• Children in Scotland's Health Inequalities: Participative Research and CHANGE projects.
  • Inclusion of Scottish Showpeople as a distinct population in the forthcoming Scottish Census will allow the exact makeup, nature and needs of this community to be taken into account.
  • Detailed costings from pilot LPPs should act as the basis for a final stage BRIA for estimates of costs incurred by communities and planning authorities. A range of detailed costings from Neighbourhood Plans in England could also be helpful.
  • The completed Local Place Standard assessment tool questionnaires should be carefully considered.
  • Scottish Government and EHRC research on the uneven impact of COVID-19.
  • Established community hubs / faith groups etc., active in an area should be consulted, as should local councillors, local economic forums and third sector organisations.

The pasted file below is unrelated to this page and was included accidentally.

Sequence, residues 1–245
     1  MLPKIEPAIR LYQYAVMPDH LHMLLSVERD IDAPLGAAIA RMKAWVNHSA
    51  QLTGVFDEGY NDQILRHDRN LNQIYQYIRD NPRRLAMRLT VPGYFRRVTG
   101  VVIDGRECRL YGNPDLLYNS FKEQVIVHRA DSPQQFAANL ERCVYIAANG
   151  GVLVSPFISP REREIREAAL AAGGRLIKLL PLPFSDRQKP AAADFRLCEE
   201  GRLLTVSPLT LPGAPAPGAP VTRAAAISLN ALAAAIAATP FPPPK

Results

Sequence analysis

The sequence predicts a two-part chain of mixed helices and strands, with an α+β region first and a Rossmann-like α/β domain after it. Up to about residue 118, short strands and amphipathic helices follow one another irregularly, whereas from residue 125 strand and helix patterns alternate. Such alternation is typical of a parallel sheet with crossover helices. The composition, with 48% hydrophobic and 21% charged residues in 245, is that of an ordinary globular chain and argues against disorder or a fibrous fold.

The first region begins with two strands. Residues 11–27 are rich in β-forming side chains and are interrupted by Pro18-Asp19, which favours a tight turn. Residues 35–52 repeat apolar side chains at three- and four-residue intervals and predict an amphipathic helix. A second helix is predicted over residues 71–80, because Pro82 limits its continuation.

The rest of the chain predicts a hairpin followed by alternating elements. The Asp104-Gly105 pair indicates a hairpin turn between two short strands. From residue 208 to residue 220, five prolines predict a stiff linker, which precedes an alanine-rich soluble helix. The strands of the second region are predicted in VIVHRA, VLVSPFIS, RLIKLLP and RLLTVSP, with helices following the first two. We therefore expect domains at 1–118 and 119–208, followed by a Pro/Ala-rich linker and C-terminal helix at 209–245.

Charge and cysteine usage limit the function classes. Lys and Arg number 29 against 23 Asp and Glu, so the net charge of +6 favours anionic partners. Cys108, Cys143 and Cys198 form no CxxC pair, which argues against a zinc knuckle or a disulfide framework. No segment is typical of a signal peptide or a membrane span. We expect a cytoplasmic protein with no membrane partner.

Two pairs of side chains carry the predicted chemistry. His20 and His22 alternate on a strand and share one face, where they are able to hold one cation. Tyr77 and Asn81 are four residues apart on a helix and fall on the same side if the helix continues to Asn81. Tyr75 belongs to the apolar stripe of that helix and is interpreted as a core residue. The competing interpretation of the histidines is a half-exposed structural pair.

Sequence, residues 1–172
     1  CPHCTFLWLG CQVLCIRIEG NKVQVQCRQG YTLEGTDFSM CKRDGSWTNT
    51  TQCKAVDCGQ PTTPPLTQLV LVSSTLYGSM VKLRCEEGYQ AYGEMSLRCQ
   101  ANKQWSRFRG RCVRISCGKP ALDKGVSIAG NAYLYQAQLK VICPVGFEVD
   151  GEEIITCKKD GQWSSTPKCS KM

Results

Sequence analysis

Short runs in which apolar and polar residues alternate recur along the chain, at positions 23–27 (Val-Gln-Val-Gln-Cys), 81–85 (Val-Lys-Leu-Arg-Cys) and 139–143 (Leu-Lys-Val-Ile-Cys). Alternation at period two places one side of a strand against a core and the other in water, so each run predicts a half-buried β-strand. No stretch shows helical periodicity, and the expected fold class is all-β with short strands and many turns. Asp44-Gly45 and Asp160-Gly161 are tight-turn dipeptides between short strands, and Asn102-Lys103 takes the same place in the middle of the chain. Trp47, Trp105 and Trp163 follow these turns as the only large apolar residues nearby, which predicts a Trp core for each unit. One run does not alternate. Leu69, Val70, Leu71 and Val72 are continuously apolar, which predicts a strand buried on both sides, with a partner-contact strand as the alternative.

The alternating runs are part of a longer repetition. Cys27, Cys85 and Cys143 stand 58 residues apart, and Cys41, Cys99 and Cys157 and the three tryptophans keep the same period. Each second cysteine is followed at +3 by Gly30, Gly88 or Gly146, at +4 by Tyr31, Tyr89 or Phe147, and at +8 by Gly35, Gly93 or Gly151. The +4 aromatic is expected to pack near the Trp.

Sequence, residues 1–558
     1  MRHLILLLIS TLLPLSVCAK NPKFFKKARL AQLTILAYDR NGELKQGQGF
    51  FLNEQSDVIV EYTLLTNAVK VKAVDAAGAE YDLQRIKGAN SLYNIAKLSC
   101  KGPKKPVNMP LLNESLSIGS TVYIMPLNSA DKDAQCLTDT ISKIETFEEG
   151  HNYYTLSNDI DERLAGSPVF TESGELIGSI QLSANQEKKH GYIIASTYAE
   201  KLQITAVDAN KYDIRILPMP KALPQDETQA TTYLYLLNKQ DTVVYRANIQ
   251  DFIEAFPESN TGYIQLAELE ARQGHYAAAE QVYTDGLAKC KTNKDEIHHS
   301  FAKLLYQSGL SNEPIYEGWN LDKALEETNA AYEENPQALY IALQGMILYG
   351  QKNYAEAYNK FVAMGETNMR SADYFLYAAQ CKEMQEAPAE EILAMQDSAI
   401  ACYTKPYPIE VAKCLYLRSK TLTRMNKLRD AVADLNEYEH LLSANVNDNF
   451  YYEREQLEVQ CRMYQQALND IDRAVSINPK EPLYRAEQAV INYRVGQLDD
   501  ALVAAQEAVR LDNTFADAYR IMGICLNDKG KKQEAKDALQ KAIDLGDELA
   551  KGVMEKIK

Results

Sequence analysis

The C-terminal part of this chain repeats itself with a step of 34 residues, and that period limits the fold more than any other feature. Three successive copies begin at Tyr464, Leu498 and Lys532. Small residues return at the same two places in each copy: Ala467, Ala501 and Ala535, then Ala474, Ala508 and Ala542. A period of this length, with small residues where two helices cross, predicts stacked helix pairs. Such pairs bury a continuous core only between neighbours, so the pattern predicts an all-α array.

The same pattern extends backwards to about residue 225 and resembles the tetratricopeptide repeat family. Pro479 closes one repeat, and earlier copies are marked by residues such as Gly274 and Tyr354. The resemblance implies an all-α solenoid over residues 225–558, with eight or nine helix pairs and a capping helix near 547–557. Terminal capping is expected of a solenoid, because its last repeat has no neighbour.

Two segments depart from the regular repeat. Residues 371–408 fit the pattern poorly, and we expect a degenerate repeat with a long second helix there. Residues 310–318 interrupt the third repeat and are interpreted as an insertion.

9.31 Annex D to the consultation paper records that, after consideration of the Fairer Scotland Duty (FSD) Interim Guidance, it has been concluded that secondary legislation on LPPs does not constitute a strategic decision and therefore an assessment is not required. Annex E makes clear that it is the overall LDP which will be subject to Strategic Environmental Assessment (SEA) not the LPP, so the view is that the legislation would have no or minimal environmental effects once implemented.

Question 17: Please give us your views on the Fairer Scotland Duty and Strategic Environmental Assessment screening documents and our conclusion that full assessments are not required.

9.32 Around 70 respondents answered Question 17.

Full assessments are not required